Submitted to: North Dakota Academy of Science Proceedings
Publication Type: Other
Publication Acceptance Date: April 25, 1996
Publication Date: N/A
Interpretive Summary: The trace element boron, found in fruits and vegetables, has an essential role in higher plants. Previous studies performed in our laboratory suggest that boron may be important for bone development in animals. The objective of this study was to investigate whether boron alleviates some of the adverse effects of vitamin D deficiency on bone. Day-old male chicks were fed a ground corn based diet, adequate in all vitamins and minerals, with the exception of boron and vitamin D. They were divided into two dietary groups, one that received additional vitamin D and one that was kept low enough in vitamin D to cause rickets, a disease characterized by poor bone growth. These groups were divided into subgroups that were fed one of several graded amounts of boron, i.e., from none through to adequate amounts of boron. After 28 days, the bones from all chicks were examined for the presence of rickets. We found that adding more and more boron, up to the amounts usually found in natural diets, progressively reduced, but did not completely eliminate the presence of rickets in the vitamin D deficient chicks. We conclude that dietary boron helps the animal use small amounts of vitamin D more effectively.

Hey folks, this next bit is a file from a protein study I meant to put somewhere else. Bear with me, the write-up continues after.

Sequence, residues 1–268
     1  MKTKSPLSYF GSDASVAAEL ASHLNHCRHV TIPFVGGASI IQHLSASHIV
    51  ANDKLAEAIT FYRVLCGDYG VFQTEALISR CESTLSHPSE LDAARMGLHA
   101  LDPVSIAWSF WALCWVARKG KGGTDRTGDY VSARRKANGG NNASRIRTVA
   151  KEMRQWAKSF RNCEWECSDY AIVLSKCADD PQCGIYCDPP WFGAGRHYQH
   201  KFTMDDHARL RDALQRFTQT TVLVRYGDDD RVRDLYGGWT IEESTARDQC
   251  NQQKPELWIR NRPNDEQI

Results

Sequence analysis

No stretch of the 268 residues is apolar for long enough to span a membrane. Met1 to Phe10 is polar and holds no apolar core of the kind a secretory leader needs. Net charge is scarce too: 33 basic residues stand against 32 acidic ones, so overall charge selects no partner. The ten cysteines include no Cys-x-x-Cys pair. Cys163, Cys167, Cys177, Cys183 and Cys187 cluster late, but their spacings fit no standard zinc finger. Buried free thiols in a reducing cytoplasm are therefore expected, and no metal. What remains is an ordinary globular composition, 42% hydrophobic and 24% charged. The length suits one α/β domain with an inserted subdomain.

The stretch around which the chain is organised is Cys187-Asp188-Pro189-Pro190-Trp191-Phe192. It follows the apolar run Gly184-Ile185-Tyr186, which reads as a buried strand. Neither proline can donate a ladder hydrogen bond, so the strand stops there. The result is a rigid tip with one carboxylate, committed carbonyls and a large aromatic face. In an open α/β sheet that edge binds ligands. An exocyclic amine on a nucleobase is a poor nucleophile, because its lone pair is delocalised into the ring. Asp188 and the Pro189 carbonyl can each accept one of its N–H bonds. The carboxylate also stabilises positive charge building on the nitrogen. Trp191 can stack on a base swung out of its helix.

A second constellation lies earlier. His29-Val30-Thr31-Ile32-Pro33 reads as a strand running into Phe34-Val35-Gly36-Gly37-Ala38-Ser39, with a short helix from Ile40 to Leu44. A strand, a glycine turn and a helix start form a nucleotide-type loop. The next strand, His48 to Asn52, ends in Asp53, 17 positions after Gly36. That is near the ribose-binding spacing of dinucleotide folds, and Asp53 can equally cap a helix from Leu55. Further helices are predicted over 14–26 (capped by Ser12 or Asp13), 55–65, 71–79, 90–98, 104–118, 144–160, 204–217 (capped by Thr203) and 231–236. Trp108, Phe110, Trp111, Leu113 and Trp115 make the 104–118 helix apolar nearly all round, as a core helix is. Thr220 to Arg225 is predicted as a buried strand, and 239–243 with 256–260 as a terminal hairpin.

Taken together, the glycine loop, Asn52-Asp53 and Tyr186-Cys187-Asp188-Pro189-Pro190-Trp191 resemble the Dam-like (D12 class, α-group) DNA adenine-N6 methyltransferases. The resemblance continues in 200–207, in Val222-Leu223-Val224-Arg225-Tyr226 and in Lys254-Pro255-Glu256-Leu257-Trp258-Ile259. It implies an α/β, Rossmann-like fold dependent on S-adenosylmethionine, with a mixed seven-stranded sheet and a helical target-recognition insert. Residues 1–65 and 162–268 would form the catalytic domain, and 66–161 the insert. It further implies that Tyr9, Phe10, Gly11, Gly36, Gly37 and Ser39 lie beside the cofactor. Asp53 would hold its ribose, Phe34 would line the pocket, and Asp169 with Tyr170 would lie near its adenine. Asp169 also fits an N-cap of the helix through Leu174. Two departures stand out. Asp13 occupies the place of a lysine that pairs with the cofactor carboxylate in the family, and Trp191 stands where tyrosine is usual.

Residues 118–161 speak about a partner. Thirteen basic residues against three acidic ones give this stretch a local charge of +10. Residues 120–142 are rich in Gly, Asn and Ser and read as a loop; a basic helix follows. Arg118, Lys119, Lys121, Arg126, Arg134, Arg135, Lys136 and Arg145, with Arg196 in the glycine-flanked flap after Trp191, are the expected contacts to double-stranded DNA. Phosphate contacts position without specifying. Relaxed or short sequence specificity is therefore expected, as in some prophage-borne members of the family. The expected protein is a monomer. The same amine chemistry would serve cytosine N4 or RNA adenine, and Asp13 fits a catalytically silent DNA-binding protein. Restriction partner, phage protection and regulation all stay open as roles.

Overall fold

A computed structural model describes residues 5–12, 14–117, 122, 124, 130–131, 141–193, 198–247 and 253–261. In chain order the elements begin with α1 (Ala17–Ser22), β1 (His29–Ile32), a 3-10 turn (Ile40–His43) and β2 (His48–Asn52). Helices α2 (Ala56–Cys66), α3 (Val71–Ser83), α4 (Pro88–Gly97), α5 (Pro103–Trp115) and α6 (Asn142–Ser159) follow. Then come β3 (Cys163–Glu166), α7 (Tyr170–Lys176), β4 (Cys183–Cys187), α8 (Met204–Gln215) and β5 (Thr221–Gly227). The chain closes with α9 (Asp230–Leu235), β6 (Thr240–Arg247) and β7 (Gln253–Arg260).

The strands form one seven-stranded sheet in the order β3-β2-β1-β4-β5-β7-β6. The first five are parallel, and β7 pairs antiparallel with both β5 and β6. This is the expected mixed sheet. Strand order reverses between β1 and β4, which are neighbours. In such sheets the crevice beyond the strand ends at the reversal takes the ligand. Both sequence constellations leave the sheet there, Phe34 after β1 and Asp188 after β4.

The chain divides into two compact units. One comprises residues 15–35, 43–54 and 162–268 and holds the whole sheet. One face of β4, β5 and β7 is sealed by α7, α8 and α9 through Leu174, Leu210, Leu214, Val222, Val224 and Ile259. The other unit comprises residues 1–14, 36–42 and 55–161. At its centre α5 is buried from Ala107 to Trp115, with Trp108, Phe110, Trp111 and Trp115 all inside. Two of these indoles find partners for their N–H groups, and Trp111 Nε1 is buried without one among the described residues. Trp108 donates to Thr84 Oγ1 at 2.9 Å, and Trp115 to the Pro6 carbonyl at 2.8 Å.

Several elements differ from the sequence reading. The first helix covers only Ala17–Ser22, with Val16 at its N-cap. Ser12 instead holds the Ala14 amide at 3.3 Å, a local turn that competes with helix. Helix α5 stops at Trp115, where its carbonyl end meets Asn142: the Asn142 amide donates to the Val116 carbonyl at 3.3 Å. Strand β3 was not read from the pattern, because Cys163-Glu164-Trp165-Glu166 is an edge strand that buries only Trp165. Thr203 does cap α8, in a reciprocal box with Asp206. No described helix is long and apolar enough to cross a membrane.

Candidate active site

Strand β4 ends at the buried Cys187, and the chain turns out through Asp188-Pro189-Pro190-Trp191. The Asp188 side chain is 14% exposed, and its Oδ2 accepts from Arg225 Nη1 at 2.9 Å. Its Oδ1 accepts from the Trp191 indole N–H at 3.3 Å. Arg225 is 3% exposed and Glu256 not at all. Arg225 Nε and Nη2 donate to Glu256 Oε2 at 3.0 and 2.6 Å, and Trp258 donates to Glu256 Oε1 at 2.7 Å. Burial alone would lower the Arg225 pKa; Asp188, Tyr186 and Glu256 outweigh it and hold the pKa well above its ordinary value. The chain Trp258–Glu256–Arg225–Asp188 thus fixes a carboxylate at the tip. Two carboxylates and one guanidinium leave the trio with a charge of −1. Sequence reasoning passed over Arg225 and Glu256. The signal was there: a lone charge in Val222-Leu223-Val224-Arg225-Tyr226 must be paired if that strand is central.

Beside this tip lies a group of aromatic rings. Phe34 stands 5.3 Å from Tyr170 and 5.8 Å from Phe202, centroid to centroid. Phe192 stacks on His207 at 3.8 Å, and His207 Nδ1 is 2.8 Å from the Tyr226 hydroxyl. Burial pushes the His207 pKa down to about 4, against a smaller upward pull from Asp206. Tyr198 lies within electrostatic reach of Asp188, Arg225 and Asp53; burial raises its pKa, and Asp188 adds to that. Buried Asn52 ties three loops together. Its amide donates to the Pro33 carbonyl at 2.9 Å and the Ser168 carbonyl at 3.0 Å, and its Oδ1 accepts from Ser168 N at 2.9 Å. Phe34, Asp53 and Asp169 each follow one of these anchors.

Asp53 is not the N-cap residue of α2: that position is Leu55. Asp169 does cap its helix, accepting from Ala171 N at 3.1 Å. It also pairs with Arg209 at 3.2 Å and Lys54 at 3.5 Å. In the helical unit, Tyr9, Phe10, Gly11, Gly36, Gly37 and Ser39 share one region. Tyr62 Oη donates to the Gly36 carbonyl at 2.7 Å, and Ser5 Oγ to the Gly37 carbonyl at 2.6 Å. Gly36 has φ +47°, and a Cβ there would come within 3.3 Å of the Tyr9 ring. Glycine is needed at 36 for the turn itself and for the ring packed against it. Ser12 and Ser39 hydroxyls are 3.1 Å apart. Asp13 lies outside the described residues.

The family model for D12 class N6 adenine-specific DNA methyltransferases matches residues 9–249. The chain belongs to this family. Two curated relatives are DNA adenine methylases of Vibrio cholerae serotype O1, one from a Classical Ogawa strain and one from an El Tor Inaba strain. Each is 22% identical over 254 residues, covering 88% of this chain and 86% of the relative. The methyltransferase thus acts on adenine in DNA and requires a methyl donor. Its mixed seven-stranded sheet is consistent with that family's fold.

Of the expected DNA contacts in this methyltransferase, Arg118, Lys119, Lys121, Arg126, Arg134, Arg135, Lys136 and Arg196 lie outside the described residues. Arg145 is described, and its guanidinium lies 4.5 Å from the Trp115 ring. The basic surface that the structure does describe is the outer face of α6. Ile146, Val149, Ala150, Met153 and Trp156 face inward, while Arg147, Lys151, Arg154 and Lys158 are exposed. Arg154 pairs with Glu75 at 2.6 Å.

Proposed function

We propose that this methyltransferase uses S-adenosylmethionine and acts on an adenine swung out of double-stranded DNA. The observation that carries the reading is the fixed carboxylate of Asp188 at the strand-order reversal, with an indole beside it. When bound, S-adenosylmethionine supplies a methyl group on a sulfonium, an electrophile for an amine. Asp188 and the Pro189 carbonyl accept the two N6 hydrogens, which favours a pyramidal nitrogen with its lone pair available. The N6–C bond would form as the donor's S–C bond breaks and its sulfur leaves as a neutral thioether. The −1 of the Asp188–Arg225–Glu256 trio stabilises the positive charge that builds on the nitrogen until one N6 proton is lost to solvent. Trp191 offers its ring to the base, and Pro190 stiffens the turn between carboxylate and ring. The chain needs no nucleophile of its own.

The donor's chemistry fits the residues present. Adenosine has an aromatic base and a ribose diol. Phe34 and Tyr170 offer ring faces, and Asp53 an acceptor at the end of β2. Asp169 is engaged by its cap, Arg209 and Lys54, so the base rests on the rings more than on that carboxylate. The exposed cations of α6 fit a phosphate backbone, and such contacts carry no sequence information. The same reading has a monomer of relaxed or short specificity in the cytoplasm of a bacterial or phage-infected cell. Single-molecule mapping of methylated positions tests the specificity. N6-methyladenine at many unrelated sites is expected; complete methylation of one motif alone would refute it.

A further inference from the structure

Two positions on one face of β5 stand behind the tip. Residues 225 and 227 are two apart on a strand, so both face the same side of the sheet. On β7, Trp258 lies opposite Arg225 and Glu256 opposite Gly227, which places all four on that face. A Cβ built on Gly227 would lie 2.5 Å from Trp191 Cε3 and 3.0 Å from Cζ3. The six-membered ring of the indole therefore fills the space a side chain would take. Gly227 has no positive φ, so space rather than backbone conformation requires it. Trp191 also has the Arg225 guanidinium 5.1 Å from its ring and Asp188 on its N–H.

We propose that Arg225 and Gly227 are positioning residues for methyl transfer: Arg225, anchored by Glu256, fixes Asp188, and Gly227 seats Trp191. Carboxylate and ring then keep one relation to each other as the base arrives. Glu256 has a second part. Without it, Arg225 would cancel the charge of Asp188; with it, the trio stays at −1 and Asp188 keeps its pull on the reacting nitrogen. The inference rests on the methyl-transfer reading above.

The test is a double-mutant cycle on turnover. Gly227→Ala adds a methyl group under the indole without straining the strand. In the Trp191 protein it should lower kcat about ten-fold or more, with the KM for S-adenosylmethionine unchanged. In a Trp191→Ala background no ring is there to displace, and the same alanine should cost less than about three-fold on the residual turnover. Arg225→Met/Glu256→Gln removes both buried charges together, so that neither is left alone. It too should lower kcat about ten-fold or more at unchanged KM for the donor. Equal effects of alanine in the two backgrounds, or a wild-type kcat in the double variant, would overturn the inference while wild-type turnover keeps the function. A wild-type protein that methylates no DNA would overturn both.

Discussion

Technical Abstract: Previous research has shown that dietary boron affects several physiological indices of vitamin D deficient chicks. The objectives of this study were to attempt to further investigate the interaction between boron and vitamin D as it affects bone histology. Day-old cockerel chicks were fed basal diets adequate in all nutrients with the exception of vitamin D and boron. Five groups were fed diets containing 125 IU vitamin D3/kg (inadequate) and supplemented with boron (as H3BO3) at 0.08, 0.27, 0.64, 1.63, or 4.20 mg B/kg. Three groups were fed diets containing 625 IU vitamin D3/kg (adequate) and supplemented with boron to contain 0.08, 0.64, and 4.20 mg B/kg. After 28 days, right tibiae were dissected and midpoint measurements were made of the articular cartilage, epiphyseal growth plate, and the calcified zone by using image analysis. Boron affected growth cartilage morphology of vitamin D-inadequate, but not vitamin-adequate chicks. Progressive increases in the amount of dietary boron added to the low-boron diets provided overall reduction in the heights of the abnormally thickened growth plate. Concurrently, the boron treatments improved the height of the calcified zone. In other words, dietary boron ameliorated the defects in cartilage maturation and calcification induced by vitamin D deficiency. These findings provide further indirect evidence that dietary boron enhances the utilization of vitamin D. Further research is necessary to establish a possible range of dietary boron that would maximize growth plate maturation.